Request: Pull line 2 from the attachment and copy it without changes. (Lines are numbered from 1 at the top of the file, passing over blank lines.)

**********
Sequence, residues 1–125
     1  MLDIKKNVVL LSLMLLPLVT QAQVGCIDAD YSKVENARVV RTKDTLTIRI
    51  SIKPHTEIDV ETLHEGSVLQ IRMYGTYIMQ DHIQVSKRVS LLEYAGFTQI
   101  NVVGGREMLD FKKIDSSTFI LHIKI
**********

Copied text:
     1  MLDIKKNVVL LSLMLLPLVT QAQVGCIDAD YSKVENARVV RTKDTLTIRI